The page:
-Still others appreciate working from the office in the way that it provides a clear break between home and work.
      -There are certain tasks which are just more efficient or effective being face-to-face.
      -Some people really are more productive at the office than at home – this number might be smaller than old-school managers/companies think, but it’s certainly not zero.

    7. Koala dreams*

      What I don’t understand is that when hot desking comes up here, people complain about having to set up the work station twice a day, being interrupted by other people, having to overhear confidential discussions and so on, but as soon as the topic of working from home comes up, that’s suddenly the best thing since sliced bread. And that’s before we come to things like the landlord doing renovations or shutting off water/electricity during the day, lack of reliable internet, no money for heating/AC, or the fact that some people doesn’t even have a home to work from. It’s weird.

      1. Amethystmoon*

        Not to mention the maintenance guy using power tools next door or somebody burning their lunch and opening their hallway door instead of the window, which set off the whole building fire alarm while I was in a work meeting. Our fire alarms are very loud and irritating.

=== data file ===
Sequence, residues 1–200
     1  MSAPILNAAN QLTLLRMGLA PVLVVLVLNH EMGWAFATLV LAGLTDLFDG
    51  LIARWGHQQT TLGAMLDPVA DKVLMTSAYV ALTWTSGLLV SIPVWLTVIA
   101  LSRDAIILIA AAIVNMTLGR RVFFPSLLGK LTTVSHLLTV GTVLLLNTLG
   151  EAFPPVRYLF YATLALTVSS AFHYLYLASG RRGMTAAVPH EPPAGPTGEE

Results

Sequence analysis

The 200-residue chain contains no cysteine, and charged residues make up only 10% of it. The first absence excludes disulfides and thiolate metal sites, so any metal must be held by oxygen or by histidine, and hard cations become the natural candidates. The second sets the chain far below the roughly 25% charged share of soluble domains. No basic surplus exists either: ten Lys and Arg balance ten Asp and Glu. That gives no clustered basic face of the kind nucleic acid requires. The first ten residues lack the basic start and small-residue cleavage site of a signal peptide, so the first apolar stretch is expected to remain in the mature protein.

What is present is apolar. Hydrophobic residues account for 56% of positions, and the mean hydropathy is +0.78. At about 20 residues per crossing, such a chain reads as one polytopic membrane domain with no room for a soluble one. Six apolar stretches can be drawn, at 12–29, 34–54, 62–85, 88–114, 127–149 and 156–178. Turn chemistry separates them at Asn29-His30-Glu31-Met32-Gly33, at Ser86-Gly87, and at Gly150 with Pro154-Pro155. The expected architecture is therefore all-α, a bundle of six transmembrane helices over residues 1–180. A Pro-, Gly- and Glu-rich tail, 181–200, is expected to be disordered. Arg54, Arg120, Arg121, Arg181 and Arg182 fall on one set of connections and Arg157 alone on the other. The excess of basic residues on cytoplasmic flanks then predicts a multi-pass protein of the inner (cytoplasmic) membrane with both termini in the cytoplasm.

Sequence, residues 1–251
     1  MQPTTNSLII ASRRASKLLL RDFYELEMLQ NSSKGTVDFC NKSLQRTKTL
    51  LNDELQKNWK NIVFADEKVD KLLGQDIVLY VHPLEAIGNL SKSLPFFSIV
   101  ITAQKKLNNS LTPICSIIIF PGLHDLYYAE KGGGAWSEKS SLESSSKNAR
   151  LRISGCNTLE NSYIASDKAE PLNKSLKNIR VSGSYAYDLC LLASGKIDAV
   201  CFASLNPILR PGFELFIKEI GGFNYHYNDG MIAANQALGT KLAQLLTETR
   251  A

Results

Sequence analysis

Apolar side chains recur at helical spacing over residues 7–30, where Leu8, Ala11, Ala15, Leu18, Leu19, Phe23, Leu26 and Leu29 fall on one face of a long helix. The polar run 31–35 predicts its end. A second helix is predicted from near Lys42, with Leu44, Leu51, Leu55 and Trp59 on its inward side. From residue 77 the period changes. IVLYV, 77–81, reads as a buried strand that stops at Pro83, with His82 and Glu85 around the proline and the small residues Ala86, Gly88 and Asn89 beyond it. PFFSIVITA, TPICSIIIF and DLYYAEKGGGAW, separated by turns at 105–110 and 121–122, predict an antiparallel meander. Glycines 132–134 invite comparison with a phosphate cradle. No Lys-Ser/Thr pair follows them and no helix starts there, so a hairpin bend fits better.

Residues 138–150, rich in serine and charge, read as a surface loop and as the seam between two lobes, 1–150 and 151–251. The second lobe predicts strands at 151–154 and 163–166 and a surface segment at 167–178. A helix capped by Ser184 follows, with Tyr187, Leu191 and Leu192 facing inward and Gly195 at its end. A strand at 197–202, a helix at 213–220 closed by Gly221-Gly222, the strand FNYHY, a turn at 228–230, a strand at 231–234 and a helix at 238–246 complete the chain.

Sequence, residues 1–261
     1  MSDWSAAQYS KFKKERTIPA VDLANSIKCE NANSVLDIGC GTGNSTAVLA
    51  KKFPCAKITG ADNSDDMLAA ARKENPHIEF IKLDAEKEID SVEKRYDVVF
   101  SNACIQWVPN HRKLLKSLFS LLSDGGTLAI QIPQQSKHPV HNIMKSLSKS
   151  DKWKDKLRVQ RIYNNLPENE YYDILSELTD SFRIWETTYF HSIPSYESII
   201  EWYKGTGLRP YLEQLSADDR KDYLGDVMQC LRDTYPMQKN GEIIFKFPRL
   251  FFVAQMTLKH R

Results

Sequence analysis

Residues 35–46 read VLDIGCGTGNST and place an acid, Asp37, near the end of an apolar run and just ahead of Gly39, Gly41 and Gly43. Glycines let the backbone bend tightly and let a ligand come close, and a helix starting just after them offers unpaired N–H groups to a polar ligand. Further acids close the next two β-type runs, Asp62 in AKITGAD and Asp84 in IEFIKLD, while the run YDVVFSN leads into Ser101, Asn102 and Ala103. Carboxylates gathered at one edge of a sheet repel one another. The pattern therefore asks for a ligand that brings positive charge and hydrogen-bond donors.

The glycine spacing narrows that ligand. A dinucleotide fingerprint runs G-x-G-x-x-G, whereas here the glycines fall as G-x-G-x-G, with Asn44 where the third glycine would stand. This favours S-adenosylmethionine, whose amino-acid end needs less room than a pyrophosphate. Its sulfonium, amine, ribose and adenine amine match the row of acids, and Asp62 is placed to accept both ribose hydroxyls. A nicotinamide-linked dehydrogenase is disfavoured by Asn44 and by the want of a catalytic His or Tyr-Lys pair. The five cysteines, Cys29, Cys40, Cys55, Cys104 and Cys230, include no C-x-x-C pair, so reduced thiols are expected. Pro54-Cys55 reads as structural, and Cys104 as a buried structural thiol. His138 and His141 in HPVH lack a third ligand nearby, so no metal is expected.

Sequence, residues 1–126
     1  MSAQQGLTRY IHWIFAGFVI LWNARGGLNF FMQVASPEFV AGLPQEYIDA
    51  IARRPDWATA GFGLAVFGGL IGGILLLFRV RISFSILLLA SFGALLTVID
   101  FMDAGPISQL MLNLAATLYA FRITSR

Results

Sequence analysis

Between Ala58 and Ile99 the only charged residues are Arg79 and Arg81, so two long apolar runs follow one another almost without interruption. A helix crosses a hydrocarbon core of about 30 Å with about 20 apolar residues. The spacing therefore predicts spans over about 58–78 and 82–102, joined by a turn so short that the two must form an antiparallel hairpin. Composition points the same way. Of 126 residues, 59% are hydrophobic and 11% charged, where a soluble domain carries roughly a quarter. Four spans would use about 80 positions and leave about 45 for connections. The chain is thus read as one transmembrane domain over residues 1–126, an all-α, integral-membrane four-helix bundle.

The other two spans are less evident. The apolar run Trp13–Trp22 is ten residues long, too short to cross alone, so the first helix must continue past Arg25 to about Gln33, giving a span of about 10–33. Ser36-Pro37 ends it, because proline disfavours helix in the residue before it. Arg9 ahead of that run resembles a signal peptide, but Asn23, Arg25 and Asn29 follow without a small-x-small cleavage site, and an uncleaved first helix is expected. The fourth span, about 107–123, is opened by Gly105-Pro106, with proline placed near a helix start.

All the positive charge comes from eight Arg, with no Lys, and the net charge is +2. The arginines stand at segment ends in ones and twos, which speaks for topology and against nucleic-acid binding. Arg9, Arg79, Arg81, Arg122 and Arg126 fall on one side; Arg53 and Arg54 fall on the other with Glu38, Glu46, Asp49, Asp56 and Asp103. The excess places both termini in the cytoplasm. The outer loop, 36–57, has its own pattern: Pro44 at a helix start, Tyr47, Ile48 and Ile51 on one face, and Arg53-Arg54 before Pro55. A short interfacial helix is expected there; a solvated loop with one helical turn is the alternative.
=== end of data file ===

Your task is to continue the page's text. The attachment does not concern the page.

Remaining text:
8. Katie*

      Prior to COVID, I had the option to occasionally work from home but never did (though was a huge advocate that people should be able to). I had a nanny and my kids and her kid was there. I was too cheap to buy internet (all my money went to a nanny!). I didn’t have a desk at home. I had a big monitor at work!
      I have rectified most those issues working from home but there are times I would like to be in the office still. We have great tools to collaborate but some issues would have resolved better if we there in person to discuss.

    9. Kyrielle*

      I am working from home still. I was back in the office a little, but for a variety of reasons did return to working from home. I do not like it. I do not like work in my personal space, but even more than that, I do not like kids cats and my husband’s business calls in my work space.

    10. BritChickaaa*

      I despise WFH!